• Descriptions of personal data categories and data subject categories;
  • Both the name and the contact details of the data controller;
  • The processing purpose;
  • Which categories of recipients would be shown the personal data to;
  • A general description of implemented security measures;
  • The specifications for international data transfers and the safeguards applied to it;
  • Data erasure time limits, and so on.

While this can technically only be applied to organizations that have over 250 people of staff, there are some exceptions to that rule, such as:

  • The data processing is not occasional;
  • Special categories of data are involved in the processing, or data related to criminal matters;
  • The data processing may result in a risk for the rights and freedoms of the data subject.

However, it’s always recommended to keep such records, even if you’re under 250 people of staff as it is an essential part of facilitating data subject rights. This also includes the records for lawful bases for processing, as well as any data processor agreements.

GDPR compliance audit checklist

Your company’s GDPR audit checklist will depend on several factors, your company’s scale of production, the numbers, and type of data that your company deals with, etc.

However, below are the cogent places where a GDPR audit would cover.

  1. Data Governance: This regulation talks about six principles that must be followed while processing the data of EU citizens. These principles ensure that all data are protected. They include Accuracy, data minimizations, Purpose Limitation, Integrity & Confidentiality, Storage limitation, Lawful Transparent, and fairness.
  2. Risk management: The GDPR charge companies that the GDPR applies to, to take a risk-based approach towards implementing appropriate technical measures. Conducting a data protection impact assessment (DPIAs) is part of the measure as this measure helps to identify risks and also mitigate it.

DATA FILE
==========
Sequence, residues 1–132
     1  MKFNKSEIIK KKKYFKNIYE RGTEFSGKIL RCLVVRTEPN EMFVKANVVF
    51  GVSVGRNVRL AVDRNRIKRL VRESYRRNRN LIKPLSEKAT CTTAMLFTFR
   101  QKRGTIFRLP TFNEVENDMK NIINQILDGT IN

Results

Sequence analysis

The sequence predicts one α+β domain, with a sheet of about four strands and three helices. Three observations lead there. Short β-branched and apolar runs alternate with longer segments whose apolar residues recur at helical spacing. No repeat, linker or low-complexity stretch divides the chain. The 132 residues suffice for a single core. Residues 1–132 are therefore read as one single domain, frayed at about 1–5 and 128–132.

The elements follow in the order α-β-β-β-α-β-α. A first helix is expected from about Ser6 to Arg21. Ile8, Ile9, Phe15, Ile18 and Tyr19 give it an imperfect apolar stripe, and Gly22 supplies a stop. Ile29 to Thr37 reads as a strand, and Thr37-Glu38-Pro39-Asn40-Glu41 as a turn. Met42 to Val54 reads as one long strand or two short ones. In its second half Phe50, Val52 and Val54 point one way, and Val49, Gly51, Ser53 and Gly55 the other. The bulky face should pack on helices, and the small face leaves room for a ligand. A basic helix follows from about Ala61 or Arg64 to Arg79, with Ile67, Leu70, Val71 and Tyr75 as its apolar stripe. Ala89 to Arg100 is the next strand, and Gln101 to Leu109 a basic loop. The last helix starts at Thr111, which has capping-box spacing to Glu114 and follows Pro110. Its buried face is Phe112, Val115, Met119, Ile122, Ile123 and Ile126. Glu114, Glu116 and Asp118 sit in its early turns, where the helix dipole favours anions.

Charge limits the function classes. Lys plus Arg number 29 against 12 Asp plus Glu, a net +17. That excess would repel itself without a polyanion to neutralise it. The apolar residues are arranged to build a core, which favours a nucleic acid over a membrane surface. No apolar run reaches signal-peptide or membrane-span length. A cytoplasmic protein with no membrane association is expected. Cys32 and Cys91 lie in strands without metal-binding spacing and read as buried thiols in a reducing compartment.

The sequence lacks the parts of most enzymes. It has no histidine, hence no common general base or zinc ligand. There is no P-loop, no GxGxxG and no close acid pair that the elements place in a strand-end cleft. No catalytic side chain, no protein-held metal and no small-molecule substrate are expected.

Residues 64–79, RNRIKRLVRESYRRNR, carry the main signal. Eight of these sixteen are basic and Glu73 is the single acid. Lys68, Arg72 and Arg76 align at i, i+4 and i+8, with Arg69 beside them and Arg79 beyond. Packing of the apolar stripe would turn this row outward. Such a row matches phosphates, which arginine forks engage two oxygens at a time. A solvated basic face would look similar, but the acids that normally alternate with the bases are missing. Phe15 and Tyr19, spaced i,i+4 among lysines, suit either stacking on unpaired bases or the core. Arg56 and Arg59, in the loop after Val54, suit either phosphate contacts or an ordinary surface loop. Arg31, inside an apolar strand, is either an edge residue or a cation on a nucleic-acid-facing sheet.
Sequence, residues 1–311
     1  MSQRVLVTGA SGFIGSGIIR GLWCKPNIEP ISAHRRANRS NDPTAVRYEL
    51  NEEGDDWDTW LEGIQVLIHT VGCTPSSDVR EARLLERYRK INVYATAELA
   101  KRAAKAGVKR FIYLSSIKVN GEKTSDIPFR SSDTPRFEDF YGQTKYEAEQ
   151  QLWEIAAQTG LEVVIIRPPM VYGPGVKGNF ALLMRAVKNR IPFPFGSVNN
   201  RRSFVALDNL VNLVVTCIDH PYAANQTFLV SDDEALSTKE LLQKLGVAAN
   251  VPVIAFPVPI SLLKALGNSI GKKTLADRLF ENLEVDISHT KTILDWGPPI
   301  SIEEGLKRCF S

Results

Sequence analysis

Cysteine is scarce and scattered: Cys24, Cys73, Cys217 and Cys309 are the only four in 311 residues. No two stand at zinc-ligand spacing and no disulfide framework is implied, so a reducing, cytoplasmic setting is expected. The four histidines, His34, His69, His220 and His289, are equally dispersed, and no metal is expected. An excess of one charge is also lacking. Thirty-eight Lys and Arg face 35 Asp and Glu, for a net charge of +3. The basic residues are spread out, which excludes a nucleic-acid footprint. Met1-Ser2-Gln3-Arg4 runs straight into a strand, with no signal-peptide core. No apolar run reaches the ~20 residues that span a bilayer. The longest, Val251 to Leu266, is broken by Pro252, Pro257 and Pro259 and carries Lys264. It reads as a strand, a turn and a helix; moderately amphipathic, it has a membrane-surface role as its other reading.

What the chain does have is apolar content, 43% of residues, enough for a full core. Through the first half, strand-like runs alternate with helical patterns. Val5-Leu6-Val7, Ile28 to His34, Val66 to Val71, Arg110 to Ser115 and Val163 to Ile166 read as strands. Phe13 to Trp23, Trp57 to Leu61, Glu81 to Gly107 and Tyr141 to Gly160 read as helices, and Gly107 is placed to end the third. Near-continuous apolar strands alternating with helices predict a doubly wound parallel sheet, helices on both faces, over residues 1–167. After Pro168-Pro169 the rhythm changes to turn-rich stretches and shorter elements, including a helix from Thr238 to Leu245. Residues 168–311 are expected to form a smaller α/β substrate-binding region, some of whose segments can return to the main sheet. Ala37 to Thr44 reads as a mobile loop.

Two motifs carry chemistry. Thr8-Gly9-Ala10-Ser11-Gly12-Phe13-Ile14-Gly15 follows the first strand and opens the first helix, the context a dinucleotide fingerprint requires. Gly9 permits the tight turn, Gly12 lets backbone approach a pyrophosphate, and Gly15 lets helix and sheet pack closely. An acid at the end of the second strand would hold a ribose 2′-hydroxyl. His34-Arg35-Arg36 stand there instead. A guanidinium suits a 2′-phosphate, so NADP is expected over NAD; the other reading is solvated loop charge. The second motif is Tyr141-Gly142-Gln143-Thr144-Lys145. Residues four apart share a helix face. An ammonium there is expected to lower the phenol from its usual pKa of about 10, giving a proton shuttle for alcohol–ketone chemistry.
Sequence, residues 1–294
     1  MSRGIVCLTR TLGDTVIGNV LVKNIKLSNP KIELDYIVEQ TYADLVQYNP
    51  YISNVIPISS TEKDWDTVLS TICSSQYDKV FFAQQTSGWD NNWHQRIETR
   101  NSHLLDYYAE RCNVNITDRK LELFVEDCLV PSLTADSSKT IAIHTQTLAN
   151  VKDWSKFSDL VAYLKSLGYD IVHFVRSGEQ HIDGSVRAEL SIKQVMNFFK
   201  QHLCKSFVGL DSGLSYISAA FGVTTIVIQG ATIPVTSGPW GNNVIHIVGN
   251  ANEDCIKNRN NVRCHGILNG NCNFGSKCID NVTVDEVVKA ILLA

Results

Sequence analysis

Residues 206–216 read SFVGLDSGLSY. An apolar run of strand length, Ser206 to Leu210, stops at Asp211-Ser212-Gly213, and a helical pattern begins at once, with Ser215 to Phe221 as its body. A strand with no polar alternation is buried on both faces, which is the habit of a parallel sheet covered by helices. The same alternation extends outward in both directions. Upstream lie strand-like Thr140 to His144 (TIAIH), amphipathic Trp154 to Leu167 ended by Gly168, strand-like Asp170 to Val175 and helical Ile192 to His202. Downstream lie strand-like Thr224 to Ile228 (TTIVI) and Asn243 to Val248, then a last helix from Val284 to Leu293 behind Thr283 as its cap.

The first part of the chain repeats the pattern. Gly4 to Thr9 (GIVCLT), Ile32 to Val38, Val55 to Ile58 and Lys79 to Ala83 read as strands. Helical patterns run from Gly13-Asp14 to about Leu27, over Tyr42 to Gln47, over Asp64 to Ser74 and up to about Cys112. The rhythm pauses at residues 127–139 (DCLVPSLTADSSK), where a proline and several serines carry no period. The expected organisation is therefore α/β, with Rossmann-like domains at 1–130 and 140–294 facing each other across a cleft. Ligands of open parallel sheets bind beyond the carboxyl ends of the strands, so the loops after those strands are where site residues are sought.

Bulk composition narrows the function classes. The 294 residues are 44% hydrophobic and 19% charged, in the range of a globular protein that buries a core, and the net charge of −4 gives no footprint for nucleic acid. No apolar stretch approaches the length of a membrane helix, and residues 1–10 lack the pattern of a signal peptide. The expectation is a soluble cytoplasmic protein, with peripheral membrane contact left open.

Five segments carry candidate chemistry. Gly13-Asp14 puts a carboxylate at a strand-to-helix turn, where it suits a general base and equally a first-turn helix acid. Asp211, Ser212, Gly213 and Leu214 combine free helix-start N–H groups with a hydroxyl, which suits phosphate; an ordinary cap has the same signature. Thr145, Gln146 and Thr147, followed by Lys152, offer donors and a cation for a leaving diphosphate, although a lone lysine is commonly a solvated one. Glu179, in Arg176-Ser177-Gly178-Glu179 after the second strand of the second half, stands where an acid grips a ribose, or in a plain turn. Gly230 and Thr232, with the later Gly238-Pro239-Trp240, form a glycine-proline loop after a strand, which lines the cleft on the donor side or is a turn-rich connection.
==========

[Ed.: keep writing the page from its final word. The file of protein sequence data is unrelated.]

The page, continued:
3. GDPR project: GDPR compliance project is a very big one that would involve all your board members. This is because, without the board support, you might face difficulties.
  4. Role and responsibilities arrangement in an organization: GDPR audit should examine how roles and responsibilities are defined in an organization.
  5. Scope of compliance: Your scope of compliance must be clearly and accurately defined. This includes identifying the database that holds the personal information.
  6. Appointment and the responsibility of a Data Protection Officer (DPO): DPO is appointed to oversee the entire compliance process.
  7. The record of the entire data processing.
  8. Personal information management system (PIMS)
  9. The rights of data owners (subjects)
  10. Information security management system (ISMS).

GDPR compliance audit checklist as a table

Another method of simplifying the entire complex GDPR process, is to use a table, which is usually used by the actual third-party audit service providers.  The first part of this table is the so-called “introduction”, specifying the auditor’s name, the date of the audit itself, and a short description, as shown below: